posted by cabingirl at 10:59 AM on February 1, 2009

You could look at the local school districts. Subbing is probably out because that's what many other people are doing because of the economy, but you might be able to get in as a bus driver, food server or instructional or playground aide.
posted by lemonwheel at 11:29 AM on February 1, 2009

I'm originally from Flint so I feel you big time. My parents still live there, but luckily for them they are retired.

How far are you from Ann Arbor, Lansing, Grand Rapids, or suburban Detroit? I would bet that the unemployment rate is a bit lower in those areas, especially A2. If you can stand commuting, you might want to look into those areas. A2 has the university, Lansing has the government, E. Lansing has the other university, GR had a slightly better outlook than other areas in the west last time I checked. And Southfield, Dearborn, and such areas have always seemed a bit better than average.

It's pretty bad all over the country, unfortunately. I wish you luck!
posted by xenophile at 12:14 PM on February 1, 2009

This is not meant to be snarky, but shave and get a traditional/conservative haircut. Facial hair on a young dude gives a stoner-ish impression on some people.

This might be a good time to go back to school and learn a trade. If you can get financial aid, it might be the solution here.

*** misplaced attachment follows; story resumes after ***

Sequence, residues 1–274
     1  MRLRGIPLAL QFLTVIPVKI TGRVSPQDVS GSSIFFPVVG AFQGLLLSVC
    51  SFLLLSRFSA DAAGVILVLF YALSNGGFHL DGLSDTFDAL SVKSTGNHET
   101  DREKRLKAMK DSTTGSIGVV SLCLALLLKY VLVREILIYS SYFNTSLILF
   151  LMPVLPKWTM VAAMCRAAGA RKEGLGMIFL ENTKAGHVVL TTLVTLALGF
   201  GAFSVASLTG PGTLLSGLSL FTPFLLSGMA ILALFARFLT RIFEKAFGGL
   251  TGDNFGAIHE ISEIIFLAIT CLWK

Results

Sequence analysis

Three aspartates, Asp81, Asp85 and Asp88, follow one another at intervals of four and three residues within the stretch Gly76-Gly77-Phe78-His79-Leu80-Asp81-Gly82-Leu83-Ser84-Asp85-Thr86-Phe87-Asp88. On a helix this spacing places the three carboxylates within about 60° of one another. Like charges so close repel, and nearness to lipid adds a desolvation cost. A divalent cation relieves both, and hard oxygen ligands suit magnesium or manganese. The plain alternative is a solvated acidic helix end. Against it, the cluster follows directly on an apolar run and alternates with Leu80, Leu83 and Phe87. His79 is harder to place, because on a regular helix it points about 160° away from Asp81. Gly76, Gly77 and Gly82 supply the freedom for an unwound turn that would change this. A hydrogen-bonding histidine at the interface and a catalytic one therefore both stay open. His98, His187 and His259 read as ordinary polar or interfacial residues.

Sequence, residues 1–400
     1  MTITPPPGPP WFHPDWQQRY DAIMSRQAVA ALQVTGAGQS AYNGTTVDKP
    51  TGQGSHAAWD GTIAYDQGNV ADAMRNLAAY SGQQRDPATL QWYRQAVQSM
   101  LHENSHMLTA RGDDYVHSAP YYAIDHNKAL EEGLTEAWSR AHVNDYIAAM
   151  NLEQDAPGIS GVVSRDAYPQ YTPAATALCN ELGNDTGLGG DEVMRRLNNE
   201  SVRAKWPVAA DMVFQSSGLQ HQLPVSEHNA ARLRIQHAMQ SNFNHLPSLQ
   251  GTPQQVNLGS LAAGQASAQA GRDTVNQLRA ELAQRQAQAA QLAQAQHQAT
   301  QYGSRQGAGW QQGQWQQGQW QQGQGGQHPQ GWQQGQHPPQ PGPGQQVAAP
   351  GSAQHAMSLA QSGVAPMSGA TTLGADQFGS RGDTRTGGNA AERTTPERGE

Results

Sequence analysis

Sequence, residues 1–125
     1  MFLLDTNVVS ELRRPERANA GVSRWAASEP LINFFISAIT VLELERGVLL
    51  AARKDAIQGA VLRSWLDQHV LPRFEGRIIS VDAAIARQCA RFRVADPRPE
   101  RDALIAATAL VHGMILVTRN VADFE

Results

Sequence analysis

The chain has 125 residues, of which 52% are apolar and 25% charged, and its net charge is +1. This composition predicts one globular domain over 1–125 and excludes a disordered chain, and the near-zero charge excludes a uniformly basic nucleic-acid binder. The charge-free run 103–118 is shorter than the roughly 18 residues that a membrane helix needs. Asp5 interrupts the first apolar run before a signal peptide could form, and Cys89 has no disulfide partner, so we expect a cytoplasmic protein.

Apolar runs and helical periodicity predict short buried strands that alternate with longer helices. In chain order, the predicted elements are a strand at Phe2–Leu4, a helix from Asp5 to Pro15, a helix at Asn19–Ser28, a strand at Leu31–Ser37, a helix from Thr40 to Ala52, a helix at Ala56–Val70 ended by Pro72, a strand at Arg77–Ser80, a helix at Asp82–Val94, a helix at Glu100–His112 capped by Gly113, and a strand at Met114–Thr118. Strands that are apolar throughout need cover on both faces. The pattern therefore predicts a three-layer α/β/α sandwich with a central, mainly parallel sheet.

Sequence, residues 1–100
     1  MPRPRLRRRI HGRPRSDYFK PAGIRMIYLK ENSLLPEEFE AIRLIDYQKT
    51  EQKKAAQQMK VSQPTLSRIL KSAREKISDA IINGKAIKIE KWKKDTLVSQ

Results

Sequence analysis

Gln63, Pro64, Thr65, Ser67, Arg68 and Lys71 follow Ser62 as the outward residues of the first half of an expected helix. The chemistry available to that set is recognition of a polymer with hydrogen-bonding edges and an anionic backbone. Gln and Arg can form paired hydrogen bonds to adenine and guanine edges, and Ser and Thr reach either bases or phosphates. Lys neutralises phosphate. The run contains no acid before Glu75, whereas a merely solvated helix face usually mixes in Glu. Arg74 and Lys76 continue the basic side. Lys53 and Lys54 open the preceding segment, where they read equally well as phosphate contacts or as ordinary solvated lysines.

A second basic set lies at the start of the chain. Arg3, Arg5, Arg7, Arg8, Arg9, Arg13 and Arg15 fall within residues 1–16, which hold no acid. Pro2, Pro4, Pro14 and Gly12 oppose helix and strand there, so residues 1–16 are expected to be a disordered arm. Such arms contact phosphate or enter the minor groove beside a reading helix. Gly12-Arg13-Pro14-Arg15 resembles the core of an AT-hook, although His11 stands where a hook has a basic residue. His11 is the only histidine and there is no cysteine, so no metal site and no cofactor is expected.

posted by k8t at 12:54 PM on February 1, 2009

How far are you from Ann Arbor, Lansing, Grand Rapids, or suburban Detroit? I would bet that the unemployment rate is a bit lower in those areas, especially A2.

I lived in A2 before I moved to California - there used to be a joke that Ann Arbor had more PHDs flipping burgers than any other city in the country. It can be pitifully difficult to get a job there - the city just ain't that big and the competition is fierce! Lansing might be a better bet - but there's still going to be a pretty large amount of applicants for just about any job.
posted by The Light Fantastic at 12:56 PM on February 1, 2009

Looks like you live on the west side of the state. REALLY get a haircut and a shave.
posted by k8t at 1:56 PM on February 1, 2009 [1 favorite]

Response by poster: I'd have to agree about Ann Arbor.. pretty small compared to the rest of your suggestions. However I live in East Muskegon so I'm pretty darn close to Grand Rapids. I've had a few leads out there through a temp agency but they were looking for more software development experience rather then web development.

College is something I really want to get back into, but my first experience turned me off. I was going for Web Development, and had a lot of trouble with the financial department in getting one of my grants through in time to pay. I ended up getting stuck with a bunch of loans I didn't want in the first place. No no, I shouldn't use it as an excuse.. but after seeing how bad a choice Web Development was for job security I've kind of been afraid to find something new.

Again, thank all of you for your suggestions. I'm starting to feel a little better about my situation.
posted by jrdnbaade at 2:04 PM on February 1, 2009

Dude, I sent you Mefi mail.
posted by amtho at 2:08 PM on February 1, 2009

Since you have a car, you should have a shot at working for the US Census. Competition for these jobs is likely to be fierce, though, where unemployment is high.